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doogal
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Re: where the "Hitler should have listen to his general " come from?

Post by doogal » 22 May 2019 15:04

I believe I stated in the "case of Nazi Germany ", where Hitler was the "formulator of policy", Wether he used indirect or direct strategy each strategic objective was of his choosing Or as a consequence of a state policy which was directed by him.
I fail to see how anyone can claim that he wasn't in the "case of Nazi Germany" the strategic decision maker.
But I stress I do not adhere to any claim that only Hitler should shoulder responsibility for what was in its breadth and scope a collective enterprise. But this does not change the fact that Der Fuhrer was exactly that, (Der Fuhrer)

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Re: where the "Hitler should have listen to his general " come from?

Post by MarkN » 22 May 2019 16:11

doogal wrote:
22 May 2019 12:07
I did not say Hitler was responsible for everything and I did not suggest that the decision making process was not opaque complicated or devoid of other interpretations of given situations by other actors.
No you didn't. But what you did say was, "As such the ability to make strategic decisions in the case of Nazi Germay refers to decisions made above army, army group OKH and OKW command levels." By defining strategic decisions as being only those made above OKW level, at the political level, you are implying that only Hitler made strategic decisions since he was a dictatorial Reichskanzlar. By also saying that everybody else was, "servicing a goal whose over riding character had already been expressed to them." is effectively shoving all responsibility onto Hitler.

The way you define strategic decision-making does not seem to accord with your overal beliefs and understanding.

Nevertheless, in my book, those who helped Hitler decide what the goal was, or shaped what that goal was, who advised him or influenced him on what that goal was, are no less complicit. They were not just servicing it. The strategic decisions to delay and cancel Seelowe were made by generals and admirals. Hitler, at best, rubber-stamped those decisions. Just like before Dunkirk: Hitler didn't make the decision to halt the pantsers, he rubber-stamped Rundstedt's existing decision (based upon Kluge's advice) rather than rubber-stamp Brauchitsch/Halder's decision.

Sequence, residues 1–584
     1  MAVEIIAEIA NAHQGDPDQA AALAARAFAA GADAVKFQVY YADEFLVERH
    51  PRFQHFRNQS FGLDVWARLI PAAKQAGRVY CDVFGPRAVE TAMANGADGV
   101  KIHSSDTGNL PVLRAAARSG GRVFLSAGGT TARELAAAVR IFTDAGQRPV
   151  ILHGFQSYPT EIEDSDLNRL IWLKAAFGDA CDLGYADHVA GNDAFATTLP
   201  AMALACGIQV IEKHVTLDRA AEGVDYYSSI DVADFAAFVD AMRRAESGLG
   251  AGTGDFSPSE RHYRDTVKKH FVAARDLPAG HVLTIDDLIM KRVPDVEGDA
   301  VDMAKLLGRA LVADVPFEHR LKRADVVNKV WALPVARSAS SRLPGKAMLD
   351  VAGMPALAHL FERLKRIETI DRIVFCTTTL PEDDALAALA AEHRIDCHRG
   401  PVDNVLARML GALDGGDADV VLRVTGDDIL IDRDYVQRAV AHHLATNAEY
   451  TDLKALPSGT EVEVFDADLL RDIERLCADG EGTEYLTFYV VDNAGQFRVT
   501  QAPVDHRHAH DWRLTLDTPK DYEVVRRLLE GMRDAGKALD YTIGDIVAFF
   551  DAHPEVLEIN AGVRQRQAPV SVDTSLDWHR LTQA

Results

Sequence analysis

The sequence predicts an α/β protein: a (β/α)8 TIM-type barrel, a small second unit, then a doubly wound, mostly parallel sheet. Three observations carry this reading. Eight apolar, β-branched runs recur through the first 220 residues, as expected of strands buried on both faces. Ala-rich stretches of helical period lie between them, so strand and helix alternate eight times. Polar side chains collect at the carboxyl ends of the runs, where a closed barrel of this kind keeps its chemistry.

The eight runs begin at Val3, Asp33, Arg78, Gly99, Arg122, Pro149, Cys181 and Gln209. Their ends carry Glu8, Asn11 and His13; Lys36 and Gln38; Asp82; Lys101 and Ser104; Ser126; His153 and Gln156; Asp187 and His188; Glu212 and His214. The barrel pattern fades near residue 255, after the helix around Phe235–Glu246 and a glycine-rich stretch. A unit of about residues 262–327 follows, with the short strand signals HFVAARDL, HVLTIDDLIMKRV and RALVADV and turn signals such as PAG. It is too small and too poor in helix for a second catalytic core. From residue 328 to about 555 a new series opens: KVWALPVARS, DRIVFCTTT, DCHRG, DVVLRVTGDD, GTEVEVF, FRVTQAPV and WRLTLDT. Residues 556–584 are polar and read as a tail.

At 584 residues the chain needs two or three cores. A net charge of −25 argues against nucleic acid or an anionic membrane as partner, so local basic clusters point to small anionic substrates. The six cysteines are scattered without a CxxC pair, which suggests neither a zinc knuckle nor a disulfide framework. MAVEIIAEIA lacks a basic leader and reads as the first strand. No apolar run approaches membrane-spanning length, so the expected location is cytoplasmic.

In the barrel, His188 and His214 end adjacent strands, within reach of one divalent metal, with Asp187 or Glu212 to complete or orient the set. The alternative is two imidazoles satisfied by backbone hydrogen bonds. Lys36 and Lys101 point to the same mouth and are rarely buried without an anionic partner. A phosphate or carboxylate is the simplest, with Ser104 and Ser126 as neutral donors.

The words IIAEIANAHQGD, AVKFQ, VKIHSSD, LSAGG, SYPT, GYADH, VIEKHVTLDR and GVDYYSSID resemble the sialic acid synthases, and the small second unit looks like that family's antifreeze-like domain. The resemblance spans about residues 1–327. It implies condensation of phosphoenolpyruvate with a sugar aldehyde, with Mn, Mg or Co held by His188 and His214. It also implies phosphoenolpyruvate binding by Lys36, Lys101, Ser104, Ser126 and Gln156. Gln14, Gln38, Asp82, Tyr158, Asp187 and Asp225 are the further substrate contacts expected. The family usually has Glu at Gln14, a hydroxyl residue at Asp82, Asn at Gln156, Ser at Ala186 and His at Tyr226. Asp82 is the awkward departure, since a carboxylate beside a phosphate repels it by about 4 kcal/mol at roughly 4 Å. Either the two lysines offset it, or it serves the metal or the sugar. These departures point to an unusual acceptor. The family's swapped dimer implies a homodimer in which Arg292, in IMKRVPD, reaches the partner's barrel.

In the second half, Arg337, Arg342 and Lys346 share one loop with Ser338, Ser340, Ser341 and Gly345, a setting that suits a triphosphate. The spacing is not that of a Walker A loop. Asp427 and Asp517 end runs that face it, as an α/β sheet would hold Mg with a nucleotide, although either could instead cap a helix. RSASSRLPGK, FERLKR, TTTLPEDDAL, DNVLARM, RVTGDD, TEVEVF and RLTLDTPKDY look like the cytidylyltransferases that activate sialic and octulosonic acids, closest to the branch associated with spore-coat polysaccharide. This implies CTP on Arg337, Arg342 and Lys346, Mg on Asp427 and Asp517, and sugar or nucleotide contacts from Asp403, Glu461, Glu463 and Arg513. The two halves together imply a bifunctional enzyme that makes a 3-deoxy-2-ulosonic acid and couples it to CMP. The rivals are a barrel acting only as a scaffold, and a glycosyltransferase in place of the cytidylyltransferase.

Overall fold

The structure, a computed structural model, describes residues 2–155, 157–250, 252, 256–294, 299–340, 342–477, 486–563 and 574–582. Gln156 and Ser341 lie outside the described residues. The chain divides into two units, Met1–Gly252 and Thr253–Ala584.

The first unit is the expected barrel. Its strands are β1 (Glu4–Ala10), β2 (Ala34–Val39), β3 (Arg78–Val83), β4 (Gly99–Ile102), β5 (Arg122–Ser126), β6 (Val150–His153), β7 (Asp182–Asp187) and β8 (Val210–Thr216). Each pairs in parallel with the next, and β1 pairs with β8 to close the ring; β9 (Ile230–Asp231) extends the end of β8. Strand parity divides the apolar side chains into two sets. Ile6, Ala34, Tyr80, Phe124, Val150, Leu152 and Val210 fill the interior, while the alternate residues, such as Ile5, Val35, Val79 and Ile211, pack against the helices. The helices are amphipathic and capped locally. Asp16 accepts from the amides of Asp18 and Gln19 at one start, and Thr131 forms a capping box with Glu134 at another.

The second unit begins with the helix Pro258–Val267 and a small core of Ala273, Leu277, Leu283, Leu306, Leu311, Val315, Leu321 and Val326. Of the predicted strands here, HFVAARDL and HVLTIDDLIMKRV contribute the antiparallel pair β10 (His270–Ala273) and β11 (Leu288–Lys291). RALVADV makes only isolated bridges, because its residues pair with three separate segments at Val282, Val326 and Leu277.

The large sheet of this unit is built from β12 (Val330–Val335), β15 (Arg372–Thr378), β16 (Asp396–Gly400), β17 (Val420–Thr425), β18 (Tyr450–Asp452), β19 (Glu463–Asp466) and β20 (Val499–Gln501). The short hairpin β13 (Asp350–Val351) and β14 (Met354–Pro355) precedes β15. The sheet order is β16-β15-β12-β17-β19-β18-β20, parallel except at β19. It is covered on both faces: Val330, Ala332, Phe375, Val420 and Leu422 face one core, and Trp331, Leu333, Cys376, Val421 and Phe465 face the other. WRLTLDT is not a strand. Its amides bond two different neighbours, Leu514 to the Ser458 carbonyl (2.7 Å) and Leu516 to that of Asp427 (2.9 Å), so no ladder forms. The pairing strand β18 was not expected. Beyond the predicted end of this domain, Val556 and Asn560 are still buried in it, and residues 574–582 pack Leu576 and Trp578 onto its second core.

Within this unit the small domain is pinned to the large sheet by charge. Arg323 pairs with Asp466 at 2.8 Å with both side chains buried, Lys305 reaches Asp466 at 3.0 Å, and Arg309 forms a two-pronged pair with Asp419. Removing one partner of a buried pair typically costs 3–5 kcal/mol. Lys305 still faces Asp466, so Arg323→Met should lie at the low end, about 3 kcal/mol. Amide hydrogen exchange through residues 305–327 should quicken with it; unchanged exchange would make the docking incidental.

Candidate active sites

doogal wrote:
22 May 2019 12:07
I simply state that he (Hitler)reserved the authority to make decisions at the strategic level for himself And when acting as C in C of the German army he involved himself in a range of decisions which were operational tactical and doctrinal.
Nobody is denying that Hitler, as dictatorial Reichskanler was the final arbiter and decision-maker in Berlin.

I am challenging your understanding that Hitler was soley responsible for developing and creating strategy and strategic decision-making. In my book, being the final decision-maker is not the same as being the sole strategic decision-maker - which is what your definition implies.
doogal wrote:
22 May 2019 12:07
...it is a factual representation of Hitlers use of executive power.
It may well be. But it comes across as a very poor understanding of how strategies are created and developed and decisions made.

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Re: where the "Hitler should have listen to his general " come from?

Post by doogal » 22 May 2019 19:06

Again I no in way disagree with the complicity of Nazi or other German generals .
My position does not effectively shove responsibility onto Hitler he shares it with his Military commanders and both deserve to be held up to the same standard.
Rather it describes the structure of authority in the German Reich and the culpability of its highest office.
I agree that operational decisions on the ground by heer commanders rubber stamped by Hitler such as the halt order which you offer as an example had a strategic effect. But this strategic effect like your example of strategic corporals are arrived at by "chance" not design. And as such I would offer are different in form from a conscious strategic choice supported by the input of a coterie of military professionals.
I understand that Hitler was not solely responsible for the development of strategic ideas.
But the policies he engaged in formed the strategic rationale and direction of the Nazi state, which his Military was bound to.